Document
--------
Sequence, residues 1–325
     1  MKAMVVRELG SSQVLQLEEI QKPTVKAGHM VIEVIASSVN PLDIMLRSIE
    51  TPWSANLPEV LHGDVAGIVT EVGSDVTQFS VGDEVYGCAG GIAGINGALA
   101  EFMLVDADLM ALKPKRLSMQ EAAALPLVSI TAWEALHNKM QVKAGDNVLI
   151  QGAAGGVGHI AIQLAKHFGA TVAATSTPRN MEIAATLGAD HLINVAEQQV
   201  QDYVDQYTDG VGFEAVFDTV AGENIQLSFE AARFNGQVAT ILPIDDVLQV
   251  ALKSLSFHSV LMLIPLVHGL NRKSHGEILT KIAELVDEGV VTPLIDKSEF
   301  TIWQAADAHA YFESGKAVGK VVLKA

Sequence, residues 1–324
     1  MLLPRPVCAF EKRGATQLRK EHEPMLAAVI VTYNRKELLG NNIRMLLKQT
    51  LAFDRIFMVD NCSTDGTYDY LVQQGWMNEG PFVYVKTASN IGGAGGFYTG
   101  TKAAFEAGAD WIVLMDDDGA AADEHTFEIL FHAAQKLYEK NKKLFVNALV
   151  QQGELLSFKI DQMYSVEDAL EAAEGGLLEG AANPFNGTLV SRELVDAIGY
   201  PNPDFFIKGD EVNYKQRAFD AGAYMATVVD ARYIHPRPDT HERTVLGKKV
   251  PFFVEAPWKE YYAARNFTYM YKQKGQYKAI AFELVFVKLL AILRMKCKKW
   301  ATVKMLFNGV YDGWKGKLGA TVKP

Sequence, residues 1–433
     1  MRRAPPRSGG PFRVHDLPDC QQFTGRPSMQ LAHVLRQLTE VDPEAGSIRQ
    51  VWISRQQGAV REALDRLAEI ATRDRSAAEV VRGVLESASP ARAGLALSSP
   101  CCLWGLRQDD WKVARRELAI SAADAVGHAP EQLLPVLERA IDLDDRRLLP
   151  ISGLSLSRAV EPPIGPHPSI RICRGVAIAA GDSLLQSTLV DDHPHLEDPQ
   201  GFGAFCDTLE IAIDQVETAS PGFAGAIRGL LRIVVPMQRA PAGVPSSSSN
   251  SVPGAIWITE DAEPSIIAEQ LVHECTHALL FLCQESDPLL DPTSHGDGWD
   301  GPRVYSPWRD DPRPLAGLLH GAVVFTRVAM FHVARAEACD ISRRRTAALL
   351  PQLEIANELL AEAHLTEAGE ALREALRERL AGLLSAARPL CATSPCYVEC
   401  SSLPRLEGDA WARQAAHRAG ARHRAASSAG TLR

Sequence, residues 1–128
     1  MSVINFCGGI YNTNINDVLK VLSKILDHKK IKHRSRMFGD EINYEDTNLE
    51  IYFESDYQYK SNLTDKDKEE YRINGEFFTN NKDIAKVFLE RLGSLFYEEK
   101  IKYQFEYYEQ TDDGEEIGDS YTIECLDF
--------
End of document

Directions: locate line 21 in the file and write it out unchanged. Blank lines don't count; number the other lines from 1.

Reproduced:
   151  ISGLSLSRAV EPPIGPHPSI RICRGVAIAA GDSLLQSTLV DDHPHLEDPQ